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Betel nut addiction could be treated by the same, simple drugs used to wean people off cigarettes, a study has found.

Research on the stimulation caused by the popular custom of chewing betel nuts shows the nut’s psychoactive chemicals affect the same brain regions as nicotine. According to lead author Roger Lee Papke, a pharmacologist at the University of Florida in the United States, this means betel nut addiction could be treated with existing drugs.

“This is the first time that there’s even a potential avenue for treating this dependence.”

Roger Lee Papke, University of Florida 

“Without knowing why people become dependent, there was no way to help them get over the dependence,” he says. “[Our findings] raise the possibility that prescription drugs like varenicline and cytisine currently used to break nicotine dependence, could also be effective against betel nut addiction.” 

Despite the nut being estimated to be the fourth-most-used stimulant after caffeine, alcohol and tobacco, there has been little research on how betel nut addiction relates to the nut’s active ingredient, arecoline, says Papke.

“This is the first time that there’s even a potential avenue for treating this dependence,” he says.

Betel nut is used by around 200-600 million people around the world, mainly in South-East Asia. Chewing the betel quid — a mixture of the nut, spices and slaked lime wrapped in betel vine leaves — is a tradition that goes back many centuries.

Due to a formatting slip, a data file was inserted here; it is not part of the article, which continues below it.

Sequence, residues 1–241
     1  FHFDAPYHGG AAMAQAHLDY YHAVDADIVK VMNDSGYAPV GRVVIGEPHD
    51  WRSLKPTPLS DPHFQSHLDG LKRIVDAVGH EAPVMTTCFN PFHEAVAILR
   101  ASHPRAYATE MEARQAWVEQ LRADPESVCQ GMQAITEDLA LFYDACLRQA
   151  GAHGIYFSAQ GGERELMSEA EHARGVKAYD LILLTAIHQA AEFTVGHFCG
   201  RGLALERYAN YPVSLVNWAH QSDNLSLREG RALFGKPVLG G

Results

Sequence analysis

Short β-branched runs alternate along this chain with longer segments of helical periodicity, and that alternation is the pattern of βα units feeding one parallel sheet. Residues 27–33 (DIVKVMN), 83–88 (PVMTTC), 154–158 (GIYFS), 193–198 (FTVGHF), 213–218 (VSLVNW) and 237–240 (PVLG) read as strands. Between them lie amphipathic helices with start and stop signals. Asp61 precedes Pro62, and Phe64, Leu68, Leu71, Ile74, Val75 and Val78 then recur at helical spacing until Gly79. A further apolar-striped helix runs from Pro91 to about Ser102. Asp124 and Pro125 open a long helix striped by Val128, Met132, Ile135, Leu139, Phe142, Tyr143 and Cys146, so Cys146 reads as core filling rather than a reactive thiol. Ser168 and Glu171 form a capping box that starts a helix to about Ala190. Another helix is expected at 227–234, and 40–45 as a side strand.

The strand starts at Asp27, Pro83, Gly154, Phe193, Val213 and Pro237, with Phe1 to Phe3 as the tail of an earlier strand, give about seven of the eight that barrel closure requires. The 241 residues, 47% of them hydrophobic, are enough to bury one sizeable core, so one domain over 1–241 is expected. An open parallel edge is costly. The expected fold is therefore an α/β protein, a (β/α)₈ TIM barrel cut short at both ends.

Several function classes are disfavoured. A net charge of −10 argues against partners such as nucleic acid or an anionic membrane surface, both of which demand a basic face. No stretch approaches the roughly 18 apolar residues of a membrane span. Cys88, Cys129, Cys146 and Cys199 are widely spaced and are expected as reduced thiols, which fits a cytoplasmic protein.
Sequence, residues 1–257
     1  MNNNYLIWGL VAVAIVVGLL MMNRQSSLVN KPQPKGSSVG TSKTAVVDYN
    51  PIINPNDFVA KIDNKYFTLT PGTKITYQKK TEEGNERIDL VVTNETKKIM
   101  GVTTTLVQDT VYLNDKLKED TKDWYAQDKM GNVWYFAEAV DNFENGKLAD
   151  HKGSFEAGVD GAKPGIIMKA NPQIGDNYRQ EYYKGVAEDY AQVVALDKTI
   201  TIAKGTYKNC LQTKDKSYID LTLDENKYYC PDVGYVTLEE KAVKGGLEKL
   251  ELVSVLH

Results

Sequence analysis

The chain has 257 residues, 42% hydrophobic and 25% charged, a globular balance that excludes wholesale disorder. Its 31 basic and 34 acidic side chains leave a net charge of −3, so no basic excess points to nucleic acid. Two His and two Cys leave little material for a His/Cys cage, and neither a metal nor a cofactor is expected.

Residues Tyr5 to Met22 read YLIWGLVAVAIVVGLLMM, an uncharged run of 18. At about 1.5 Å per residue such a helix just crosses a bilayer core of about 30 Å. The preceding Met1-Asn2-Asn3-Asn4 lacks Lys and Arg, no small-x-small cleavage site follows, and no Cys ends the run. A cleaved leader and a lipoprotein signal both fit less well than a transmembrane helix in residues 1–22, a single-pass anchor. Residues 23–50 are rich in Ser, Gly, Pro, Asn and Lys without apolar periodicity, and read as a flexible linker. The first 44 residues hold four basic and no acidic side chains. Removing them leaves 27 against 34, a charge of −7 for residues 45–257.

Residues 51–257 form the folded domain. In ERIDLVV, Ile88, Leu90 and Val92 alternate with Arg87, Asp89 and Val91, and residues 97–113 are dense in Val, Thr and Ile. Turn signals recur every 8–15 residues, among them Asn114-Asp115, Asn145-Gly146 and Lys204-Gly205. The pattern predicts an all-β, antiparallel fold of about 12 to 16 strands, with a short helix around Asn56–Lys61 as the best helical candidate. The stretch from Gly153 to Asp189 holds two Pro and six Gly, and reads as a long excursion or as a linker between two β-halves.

Ingesting the nut’s juices produces a cheap, quick high, but is also highly addictive. Long-term use can result in lethargy and greatly increases the risk of oral diseases. The World Health Organization says chewing the nut causes cancer.

Papke’s paper, published on 21 October in PLOS One, says the link between nicotine and betel nut addiction treatments is particularly important as tobacco is increasingly being added to betel nut mixes, producing a double addiction. Other researchers working to combat betel nut addiction say the findings might provide opportunities to offer wider treatment for betel nut cravings. Thaddeus Herzog, a cancer researcher at the University of Hawaii in Honolulu, says betel nut is often overlooked in healthcare and intervention planning, even though it causes oral cancer and other diseases.

“There is far more assistance available for smokers as compared to betel nut chewers,” he says. “Users of both substances show similar patterns of dependence and smokers and chewers both generally want to quit, but lack plans of how and when to quit.”

This article was produced by SciDev.Net's Global Edition.


Roger L. Papke and others Nicotinic activity of arecoline, the psychoactive element of “betel nuts”, suggests a basis for habitual use and anti-inflammatory activity (PLOS One, 21 October 2015)

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